mand of the detachment, during the evacuation and for some time afterwards, devolved largely upon Major Sumner. General Washington, Dec. 4, 1783, immediately after taking leave of his officers at Fraunces' Tavern, passed through this battalion of light infantry, and received from it the last military salute of the Revolutionary army.
One regiment, formed from the disbanded army, was continued in service at West Point a few months after the discharge of the rest.
In this regiment, Colonel Henry Jackson was first in rank, Lieutenant-Colonel William Hull the second, Major Caleb Gibbs the third, and Major Sumner the fourth.
On July 1, 1784, his military career finally closed.
Major Sumner was about five feet and ten inches in height, rather stout in person, and walked rapidly, bending forward and seemingly intent on some errand.
He was quick in observation, frank in his intercourse with men, and liable to be deceived.
He adapted himself readily to society of various kinds, and w
nths before his death,
A few months after Major Sumner's death, his brother, Dr. Seth Sumner, was appointed guardian of the boy. he wrote from Savannah to his agent in Boston, expressing great pleasure at Charles's return to school, and providing carefully for his future expenses, so that no further interruption might occur in his studies.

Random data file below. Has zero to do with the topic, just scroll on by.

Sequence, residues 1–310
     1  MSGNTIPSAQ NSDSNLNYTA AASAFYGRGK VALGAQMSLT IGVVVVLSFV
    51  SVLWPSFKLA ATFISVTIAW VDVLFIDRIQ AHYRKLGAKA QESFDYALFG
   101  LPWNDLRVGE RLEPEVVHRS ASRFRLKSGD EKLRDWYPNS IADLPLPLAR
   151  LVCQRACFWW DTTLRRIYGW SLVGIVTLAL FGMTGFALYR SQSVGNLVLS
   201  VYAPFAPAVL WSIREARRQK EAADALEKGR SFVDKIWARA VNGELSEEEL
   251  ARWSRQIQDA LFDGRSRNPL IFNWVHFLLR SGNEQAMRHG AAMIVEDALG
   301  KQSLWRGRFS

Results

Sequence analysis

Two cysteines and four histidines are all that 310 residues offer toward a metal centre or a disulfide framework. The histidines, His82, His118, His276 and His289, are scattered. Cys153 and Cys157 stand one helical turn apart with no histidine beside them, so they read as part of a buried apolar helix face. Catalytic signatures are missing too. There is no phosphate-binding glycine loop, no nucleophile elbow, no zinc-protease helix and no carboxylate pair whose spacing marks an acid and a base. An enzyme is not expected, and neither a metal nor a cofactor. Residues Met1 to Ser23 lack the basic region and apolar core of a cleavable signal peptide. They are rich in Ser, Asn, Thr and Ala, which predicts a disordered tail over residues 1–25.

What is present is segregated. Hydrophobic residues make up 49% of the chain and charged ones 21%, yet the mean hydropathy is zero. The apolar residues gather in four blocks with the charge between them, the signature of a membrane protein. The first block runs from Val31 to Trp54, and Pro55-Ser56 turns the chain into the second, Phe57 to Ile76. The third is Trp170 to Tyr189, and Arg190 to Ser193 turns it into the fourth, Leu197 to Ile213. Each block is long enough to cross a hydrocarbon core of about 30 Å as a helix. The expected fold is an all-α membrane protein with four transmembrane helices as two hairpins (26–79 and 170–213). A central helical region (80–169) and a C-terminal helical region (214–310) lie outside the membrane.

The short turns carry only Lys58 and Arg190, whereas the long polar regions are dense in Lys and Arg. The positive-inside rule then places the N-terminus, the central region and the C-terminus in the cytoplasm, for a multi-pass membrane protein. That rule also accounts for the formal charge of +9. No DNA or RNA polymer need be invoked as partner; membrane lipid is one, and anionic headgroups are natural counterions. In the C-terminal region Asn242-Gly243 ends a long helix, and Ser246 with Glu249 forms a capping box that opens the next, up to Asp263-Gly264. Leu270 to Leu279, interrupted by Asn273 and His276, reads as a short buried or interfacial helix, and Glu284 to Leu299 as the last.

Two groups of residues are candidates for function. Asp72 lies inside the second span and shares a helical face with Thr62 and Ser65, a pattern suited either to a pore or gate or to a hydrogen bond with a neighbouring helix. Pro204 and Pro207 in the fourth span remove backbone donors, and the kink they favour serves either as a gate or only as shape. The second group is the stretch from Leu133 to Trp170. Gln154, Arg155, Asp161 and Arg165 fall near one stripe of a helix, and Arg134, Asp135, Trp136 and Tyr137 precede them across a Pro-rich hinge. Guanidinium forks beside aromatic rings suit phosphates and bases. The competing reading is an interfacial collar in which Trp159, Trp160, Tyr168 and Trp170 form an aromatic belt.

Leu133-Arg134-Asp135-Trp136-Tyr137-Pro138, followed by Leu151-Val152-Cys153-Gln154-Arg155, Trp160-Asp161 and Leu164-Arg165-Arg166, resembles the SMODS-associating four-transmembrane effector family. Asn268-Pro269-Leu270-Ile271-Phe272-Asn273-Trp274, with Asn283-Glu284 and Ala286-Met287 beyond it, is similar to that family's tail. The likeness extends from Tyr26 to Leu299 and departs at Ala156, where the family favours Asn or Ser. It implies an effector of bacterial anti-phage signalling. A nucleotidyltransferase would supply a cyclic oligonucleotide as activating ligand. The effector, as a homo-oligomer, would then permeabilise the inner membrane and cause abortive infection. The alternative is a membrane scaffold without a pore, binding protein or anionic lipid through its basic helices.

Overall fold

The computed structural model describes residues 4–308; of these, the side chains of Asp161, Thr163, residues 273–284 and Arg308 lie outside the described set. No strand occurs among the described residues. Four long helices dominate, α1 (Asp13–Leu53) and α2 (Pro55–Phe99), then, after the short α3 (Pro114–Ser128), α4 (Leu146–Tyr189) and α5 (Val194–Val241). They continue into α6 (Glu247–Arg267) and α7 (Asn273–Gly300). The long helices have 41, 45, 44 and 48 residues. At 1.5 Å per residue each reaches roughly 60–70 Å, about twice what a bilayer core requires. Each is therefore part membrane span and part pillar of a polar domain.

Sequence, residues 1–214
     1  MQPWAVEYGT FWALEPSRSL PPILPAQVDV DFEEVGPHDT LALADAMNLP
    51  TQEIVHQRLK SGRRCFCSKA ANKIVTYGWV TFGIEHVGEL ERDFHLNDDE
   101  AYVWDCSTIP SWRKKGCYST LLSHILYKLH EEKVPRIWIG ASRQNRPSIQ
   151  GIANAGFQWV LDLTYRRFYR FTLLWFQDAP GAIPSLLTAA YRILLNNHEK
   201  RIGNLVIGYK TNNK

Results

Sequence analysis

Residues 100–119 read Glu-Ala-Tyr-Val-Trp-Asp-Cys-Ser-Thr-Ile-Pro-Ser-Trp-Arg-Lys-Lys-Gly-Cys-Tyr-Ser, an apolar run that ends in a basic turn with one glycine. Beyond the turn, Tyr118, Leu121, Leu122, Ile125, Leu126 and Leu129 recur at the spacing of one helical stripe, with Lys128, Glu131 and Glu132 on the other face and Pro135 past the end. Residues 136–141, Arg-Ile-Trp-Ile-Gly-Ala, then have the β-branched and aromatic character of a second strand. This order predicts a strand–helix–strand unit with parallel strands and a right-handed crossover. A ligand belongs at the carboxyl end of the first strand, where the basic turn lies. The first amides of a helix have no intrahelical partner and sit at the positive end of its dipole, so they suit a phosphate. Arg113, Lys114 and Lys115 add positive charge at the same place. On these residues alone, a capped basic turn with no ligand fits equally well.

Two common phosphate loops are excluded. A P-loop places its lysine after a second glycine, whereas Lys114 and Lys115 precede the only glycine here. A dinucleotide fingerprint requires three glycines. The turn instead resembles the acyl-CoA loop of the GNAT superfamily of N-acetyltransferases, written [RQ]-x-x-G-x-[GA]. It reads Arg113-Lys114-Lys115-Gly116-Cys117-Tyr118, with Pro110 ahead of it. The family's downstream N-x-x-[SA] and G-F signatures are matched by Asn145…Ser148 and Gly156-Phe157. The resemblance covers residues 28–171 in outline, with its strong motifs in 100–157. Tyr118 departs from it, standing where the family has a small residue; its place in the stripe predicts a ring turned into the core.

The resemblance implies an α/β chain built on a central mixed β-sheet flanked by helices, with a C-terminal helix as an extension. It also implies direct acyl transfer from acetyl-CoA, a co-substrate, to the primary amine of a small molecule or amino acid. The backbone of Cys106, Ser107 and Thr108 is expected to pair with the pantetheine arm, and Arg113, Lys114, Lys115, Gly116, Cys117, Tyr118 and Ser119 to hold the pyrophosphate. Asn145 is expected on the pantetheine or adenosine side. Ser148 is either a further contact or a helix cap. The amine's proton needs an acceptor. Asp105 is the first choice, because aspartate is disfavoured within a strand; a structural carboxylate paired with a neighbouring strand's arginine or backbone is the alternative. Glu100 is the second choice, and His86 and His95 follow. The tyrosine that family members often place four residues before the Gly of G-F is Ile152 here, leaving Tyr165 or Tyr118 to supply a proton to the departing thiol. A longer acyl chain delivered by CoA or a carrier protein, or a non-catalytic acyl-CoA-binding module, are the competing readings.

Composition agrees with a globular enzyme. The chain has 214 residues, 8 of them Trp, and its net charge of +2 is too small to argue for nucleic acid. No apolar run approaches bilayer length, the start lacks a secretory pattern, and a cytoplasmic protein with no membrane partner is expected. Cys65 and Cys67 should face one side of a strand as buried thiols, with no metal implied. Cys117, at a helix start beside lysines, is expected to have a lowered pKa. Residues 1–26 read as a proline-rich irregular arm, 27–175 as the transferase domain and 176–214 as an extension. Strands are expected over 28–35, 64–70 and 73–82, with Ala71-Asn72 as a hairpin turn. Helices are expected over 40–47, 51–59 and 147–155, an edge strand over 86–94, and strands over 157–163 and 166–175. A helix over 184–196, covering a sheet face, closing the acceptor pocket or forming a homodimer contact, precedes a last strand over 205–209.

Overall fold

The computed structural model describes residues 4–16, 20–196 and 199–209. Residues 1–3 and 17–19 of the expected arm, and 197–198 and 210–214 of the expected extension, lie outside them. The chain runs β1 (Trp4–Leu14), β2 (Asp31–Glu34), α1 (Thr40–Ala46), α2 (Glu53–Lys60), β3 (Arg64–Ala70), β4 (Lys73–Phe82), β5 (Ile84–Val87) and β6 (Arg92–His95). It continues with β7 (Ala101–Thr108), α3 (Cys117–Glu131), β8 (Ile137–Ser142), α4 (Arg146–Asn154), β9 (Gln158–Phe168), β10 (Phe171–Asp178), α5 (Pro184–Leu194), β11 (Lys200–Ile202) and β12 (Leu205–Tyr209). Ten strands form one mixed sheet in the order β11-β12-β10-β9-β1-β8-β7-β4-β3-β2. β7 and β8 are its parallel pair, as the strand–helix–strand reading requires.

In this letter he wrote,—
Should any thing take place that I should not make you regular remittances, I desire you to call on my friend, General Henry Jackson.
I know he will advance thirty or fifty dollars at any time, after hearing the circumstances, rather than see Charles taken from school.
Remittances are hard to be forwarded from this place, but not the less certain; and all advances made by any friend of mine on this score, I will repay with interest and gratitude.
Give my love to Charles, and tell him I expect he will be a studious, good boy, and learn eloquence and manners, as well as wisdom and the languages, at the academy.